For example, in the upper hydrogen H2 molecule consisting of two H atoms-A and B, both the electron-1 and electron-2 must exist in two different H atoms-A and B simultaneously ( this p.3, this p.11, this p.4 ).

φ_{A} ( r1 ) means the electron-1 existing in H-atomic wavefunction φ_{A}.

φ_{B} ( r1 ) means the electron-1 existing in H-atomic wavefunction φ_{B} ( this p.18 ).

H2 molecular Hamiltonian H or total energy consists of two electrons' kinetic energy expressed as space derivative (= de Broglie wave ) and Coulomb electric energy terms among two H atomic nuclei-A, B and two electrons-1, 2, as shown above.

*(Fig.3) ↓ Coulomb energy integral of two same H atomic wavefunctions ∫φ _{A}φ_{A} or ∫φ_{B}φ_{B}, and unphysical exchange energy of two different H atomic wavefunctions ∫φ_{A}φ_{B} or ∫φ_{B}φ_{A}*

Quantum mechanics unrealistically demands each electron-1 and 2 must exist in two different H atoms-A and B to form fictitious H2 molecular covalent bonds.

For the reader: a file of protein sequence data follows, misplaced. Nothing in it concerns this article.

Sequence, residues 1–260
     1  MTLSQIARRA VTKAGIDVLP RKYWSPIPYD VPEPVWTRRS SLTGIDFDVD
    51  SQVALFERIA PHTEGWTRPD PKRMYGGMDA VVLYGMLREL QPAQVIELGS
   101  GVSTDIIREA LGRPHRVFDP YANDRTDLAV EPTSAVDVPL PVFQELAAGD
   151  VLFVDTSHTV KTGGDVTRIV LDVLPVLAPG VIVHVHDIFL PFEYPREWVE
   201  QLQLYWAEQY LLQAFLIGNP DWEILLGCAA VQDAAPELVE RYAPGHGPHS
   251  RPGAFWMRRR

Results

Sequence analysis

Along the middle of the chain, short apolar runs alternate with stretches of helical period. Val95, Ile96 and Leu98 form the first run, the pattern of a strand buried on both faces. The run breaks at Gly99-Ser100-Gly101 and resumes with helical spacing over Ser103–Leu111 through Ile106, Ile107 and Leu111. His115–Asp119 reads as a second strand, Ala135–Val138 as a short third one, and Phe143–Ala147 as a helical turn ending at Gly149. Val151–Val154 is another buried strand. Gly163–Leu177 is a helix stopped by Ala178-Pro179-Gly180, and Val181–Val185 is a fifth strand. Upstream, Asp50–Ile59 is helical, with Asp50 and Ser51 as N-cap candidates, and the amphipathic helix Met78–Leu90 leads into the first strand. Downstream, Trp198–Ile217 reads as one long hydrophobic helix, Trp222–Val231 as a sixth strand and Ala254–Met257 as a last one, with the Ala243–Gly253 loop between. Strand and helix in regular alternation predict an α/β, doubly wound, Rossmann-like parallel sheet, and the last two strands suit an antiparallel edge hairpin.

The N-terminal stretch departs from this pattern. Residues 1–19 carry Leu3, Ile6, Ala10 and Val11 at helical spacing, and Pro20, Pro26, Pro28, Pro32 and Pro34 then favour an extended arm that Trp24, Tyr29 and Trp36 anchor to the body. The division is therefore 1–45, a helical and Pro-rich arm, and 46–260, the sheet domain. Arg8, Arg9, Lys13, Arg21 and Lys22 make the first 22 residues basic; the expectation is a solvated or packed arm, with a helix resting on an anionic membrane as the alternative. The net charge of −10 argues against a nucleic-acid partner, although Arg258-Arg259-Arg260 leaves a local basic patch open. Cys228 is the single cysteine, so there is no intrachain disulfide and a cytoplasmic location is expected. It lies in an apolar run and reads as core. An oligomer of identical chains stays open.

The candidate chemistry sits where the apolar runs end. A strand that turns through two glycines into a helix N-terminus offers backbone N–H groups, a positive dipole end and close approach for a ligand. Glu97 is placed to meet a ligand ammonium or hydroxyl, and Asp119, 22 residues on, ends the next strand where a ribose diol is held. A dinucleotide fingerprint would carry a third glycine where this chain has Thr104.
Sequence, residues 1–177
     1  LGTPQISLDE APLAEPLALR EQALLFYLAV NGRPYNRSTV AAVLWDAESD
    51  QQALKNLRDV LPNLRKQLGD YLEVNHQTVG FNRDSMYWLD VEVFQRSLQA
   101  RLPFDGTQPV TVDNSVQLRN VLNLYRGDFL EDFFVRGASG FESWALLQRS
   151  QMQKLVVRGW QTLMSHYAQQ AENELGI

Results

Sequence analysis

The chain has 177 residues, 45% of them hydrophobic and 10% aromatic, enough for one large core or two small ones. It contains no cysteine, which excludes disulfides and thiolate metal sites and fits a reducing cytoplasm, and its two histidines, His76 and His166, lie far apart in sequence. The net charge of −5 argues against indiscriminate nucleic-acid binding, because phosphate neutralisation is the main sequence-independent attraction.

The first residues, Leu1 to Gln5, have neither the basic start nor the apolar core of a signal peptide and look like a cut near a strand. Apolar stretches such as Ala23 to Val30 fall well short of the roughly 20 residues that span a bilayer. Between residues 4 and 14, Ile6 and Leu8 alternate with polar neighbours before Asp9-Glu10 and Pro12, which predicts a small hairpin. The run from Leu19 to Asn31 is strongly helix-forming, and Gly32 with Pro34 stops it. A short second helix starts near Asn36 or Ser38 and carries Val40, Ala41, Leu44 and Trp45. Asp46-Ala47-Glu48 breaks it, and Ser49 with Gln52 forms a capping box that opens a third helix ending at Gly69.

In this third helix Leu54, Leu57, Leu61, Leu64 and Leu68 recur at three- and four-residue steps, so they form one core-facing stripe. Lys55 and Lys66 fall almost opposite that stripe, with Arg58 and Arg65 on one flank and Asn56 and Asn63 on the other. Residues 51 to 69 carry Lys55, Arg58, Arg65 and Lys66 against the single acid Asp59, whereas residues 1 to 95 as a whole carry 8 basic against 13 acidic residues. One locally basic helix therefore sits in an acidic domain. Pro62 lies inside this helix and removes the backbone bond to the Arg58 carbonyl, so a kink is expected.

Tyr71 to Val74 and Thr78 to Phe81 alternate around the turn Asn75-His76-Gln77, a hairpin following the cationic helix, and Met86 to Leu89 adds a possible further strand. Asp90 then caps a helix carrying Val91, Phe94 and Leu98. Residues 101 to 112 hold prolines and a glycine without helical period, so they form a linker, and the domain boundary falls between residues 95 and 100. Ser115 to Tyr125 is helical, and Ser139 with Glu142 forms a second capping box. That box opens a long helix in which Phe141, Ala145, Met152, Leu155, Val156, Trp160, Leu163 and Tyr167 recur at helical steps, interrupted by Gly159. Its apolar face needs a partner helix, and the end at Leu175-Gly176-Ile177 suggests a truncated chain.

To form molecular attractive covalent bonds, symmetric wavefunctions (= spin part is up-down antisymmetric or bonding ) are necessary ( this p.3-4 ).

By putting H2 molecular total energy Hamiltonian (= H ) between these two symmetric wavefunctions (= ψ_{+} ) where each electron-1 and 2 exists in two different H atoms-A and B, we can get two different integrals called Coulomb energy integral and (unphysical) exchange energy integral ( this p.3-4, this p.14 ).

Coulomb energy integral is the normal integral where each electron-1 (or electron-2 ) consists of two same H atomic wavefunctions like ∫**φ _{A}**(r1)

Unphysical exchange (= resonance ) energy integral consists of two **different** H atomic wavefunctions like ∫**φ _{A}**(r1)